HIV Medicine ; 22(SUPPL 2):64, 2021.
Article in English | EMBASE | ID: covidwho-1409357

ABSTRACT

Background: Using the WHO TDR list, we aimed to determine from our clinic database;the prevalence of TDR, non-B subtype and associated features in our large tertiary HIV department (∼2500 patients) from 2014-2020. Method: Using the WHO TDR list, we aimed to determine from our clinic database;the prevalence of TDR, non-B subtype and associated features in our large tertiary HIV department (∼2500 patients) from 2014-2020. Results: Of the 218 new diagnoses, 217 had a resistance test attempted (1 stored due to COVID-19). 212/217 had an available genotype (5 failed to amplify). 191/212(90%) were MSM, 12/212(6%) cis-female, 80/212(38%) non-UK born and the median age was 36 years (IQR = 29-46). The overall prevalence of TDR was 17/212(8%;95%CI = 5.0-12.4), seven (3%) had a NRTI mutation, six (3%) had at least one nNRTI mutation and 4(2%) had a PI mutation. There were no dual/triple class/INI mutations. There was no significant change in the prevalence of TDR over the study period. The overall prevalence of non-B subtype was 53/212(25%;95%CI = 19.6-31.2), and was not more frequently seen in non-UK born individuals (OR = 1.24;CI = 0.66-2.33, P = 0.51). Patients with TDR were older [45.v.36 years, P = 0.006] and have non-B subtype (OR = 2.96;CI = 1.08-8.13, P = 0.03). Although overall rates of bacterial STIs was high (34%), having a bacterial STI was not associated with TDR(OR = 1.77;95%CI = 0.66-4.82, P = 0.26). Conclusion: TDR is associated with age and non-B subtype in our population. HIV TDR is not decreasing locally and remains a small but significant concern despite effective HIV prevention strategies, which may not reach hidden populations affected by HIV. Continued efforts to reduce HIV transmission must target hidden populations and we must maintain adequate surveillance of TDR.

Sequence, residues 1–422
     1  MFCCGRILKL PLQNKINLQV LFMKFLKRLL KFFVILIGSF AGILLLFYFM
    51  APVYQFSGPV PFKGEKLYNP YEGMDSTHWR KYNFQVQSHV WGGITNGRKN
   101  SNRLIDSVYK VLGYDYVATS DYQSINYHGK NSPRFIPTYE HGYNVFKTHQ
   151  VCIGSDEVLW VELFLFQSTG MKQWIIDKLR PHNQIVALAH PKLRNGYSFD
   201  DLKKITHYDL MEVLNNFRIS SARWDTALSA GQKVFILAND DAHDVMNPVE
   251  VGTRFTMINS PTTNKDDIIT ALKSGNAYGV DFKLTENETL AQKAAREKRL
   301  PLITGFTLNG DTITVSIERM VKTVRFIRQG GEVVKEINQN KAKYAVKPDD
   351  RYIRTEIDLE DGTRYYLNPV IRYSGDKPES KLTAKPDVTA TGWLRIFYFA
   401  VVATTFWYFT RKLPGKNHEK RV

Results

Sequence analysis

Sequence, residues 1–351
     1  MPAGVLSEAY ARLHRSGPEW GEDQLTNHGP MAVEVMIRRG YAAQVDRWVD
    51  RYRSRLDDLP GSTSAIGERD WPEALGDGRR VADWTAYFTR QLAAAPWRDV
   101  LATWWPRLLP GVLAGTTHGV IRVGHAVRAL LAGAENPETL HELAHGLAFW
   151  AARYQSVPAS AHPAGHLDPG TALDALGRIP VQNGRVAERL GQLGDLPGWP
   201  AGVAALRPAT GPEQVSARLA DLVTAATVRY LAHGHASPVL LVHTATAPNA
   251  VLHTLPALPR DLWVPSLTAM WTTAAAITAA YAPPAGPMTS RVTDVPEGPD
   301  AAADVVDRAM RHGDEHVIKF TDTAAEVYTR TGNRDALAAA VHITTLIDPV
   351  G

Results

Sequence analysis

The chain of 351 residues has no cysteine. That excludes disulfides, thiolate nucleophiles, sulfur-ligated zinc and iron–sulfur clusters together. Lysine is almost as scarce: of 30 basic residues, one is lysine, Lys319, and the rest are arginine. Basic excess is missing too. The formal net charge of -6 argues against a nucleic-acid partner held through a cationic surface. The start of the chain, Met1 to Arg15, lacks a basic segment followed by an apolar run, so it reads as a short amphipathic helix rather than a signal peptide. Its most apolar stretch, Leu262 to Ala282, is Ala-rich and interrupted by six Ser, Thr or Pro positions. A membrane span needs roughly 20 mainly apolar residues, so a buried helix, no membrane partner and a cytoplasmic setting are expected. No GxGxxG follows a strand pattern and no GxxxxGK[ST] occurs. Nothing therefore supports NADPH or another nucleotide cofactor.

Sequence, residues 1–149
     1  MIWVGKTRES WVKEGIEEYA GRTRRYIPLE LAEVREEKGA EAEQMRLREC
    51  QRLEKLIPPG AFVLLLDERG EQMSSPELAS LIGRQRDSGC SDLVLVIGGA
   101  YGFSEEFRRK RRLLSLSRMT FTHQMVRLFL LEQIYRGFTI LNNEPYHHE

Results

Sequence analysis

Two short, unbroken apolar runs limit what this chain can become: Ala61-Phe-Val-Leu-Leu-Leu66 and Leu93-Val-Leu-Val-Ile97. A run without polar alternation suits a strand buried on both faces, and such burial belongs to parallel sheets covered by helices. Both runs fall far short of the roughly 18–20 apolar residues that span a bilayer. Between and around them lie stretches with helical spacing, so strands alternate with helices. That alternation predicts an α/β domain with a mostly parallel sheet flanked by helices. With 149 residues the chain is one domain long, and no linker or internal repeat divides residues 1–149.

10.
Sexually Transmitted Infections ; 97(SUPPL 1):A65-A66, 2021.
Article in English | EMBASE | ID: covidwho-1379633